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by Maurice Ulrich’s Daily Ticket

Attaboy, Luc!

Translated Wednesday 21 October 2009, by Henry Crapo and reviewed by Isabelle Métral

He’s going to get a goody point. The minister of national education, Luc Chatel, has learned his lesson well.

"There are 45 general counsellors in the Hauts-de-Seine [1]", pretending to be astonished, Nicolas Sarkozy in Friday’s Le Figaro, and "They all have the right to seek the post of administrator of the EPAD [2], except one." Of course he was speaking of his son Jean. [3]

There are 45 general counsellors for the Hauts-de-Seine, Luc Chatel repeated yesterday in Le Parisien, "and just one of them does not have the right to seek this post." The minister thus shares the good sense of the president. Except for the fact that, previously, Hervé Marseille, vice president of the conseil général and administrator of the EPAD, had kindly accepted to step down. Should we say of him what La Bruyère said in his Caractères [4]: "Another younger person carries off his hopes and obtains his post, which one only refuses to this poor man because he has earned it too well."?
In the meanwhile he will console himself, in exchange, with a seat in the Senate. As for the other general counsellors, we must think of them as said Isabelle Balkany, vice president of the conseil général, friend of the president, and whom little Jean calls "Tata": "With the rule of non-cumulation of posts, there remains nobody in the conseil général except fourth-string cut-throats."

Are we to believe then that there was. among those forty and some fourth-string cut-throats, no other candidate who dared to present himself for the post?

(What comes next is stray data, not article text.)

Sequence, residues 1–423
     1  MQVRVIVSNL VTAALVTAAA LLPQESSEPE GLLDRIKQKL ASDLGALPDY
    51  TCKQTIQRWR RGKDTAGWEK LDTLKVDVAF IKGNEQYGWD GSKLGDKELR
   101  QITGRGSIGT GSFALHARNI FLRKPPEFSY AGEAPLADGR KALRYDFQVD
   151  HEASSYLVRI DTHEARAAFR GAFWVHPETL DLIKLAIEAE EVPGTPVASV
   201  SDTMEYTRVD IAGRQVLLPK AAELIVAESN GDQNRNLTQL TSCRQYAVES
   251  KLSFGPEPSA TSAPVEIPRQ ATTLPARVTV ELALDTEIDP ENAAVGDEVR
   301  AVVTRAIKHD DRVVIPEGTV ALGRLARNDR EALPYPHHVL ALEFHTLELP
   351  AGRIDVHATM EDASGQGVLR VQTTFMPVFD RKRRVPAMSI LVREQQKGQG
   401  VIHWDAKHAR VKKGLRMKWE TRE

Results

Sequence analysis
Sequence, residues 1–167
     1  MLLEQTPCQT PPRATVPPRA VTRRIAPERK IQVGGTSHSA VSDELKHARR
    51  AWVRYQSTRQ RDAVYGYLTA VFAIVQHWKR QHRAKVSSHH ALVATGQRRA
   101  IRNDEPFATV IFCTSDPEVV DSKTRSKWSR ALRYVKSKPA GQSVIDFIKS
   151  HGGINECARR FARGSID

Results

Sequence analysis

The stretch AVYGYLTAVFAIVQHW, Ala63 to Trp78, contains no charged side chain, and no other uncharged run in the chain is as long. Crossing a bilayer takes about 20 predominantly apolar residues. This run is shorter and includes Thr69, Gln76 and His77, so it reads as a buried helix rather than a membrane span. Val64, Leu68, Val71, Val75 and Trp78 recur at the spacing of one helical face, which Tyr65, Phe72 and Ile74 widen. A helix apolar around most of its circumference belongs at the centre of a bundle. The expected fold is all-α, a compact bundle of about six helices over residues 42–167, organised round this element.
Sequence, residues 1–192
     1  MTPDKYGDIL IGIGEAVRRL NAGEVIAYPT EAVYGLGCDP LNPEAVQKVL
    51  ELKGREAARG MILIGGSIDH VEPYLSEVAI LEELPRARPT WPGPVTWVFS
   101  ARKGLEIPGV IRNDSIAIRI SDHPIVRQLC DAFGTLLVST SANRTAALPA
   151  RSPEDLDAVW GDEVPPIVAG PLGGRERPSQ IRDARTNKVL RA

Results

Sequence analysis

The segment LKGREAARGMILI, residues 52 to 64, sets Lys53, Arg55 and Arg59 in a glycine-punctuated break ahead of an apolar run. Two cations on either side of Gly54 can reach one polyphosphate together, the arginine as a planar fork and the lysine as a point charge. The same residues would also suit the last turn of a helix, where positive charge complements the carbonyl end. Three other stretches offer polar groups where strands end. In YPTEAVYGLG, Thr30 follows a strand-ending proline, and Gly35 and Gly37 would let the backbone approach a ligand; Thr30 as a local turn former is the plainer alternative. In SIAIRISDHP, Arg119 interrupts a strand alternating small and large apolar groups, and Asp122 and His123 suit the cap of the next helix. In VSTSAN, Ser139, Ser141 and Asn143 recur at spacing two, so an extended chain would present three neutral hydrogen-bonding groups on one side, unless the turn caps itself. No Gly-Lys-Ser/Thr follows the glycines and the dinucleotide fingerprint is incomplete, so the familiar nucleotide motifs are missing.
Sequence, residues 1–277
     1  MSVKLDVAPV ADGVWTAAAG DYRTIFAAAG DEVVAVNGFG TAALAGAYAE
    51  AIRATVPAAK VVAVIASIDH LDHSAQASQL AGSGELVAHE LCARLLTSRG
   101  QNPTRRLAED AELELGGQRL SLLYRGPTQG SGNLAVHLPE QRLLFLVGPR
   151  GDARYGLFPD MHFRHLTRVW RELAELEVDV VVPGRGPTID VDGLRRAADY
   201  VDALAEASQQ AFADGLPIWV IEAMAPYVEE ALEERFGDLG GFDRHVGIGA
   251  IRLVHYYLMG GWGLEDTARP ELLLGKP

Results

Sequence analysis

[1conseilleurs généraux, those in the assembly of the department of the Hauts-de-Seine, which includes Neuilly, the rich enclave on the borders of Paris, the political base of the President Sarkozy and his son Jean.

[2l’Etablissement Public d’Aménagement de La Défense, the public body that oversees the administration of La Défense, home to the headquarters of many major enterprises.

[3Photo from the web site of la Défense

[4Read about La Bruyère in Wikipedia, French and English versions.
Jean de La Bruyère (Paris 1645 - Versailles 1696) is known for a unique text, his
Les Caractères ou Les mœurs de ce siècle, (Characters, or the Manners of this Century) published in 1688.

Other citations:

"La cour est comme un édifice bâti de marbre : je veux dire qu’elle est composée d’hommes fort durs, mais fort polis."
(The royal court is like a building made of marble: it is composed of men who are hard, but are highly polished.)

"Un esprit sain puise à la cour le goût de la solitude et de la retraite."
(A sane and healthy spirit, at the court, acquires a taste for solitude and isolation.)

"L’on doit se taire sur les puissants: il y a presque toujours de la flatterie à en dire du bien; il y a du péril à en dire du mal pendant qu’ils vivent, et de la lâcheté quand ils sont morts."
(One should keep quiet about the powerful: there is almost always an element of flattery when one speaks well of them, it is dangerous to speak ill of them while they live, and cowardice to do so when they are dead.)

"Il n’est pas naturel d’aimer quelque chose plus que soi-même."
(It is unnatural to love another more than oneself.)

"Il faut rire avant que d’être heureux de peur de mourir sans avoir ri."
(It is best to laugh before finding happiness, for fear of dying without ever having laughed.)

"Les grands sont odieux aux petits par le mal qu’ils leur font, et par tout le bien qu’ils ne leur font pas." (The great are hateful to the small because of the harm they do them, and because of the good they fail to do them.)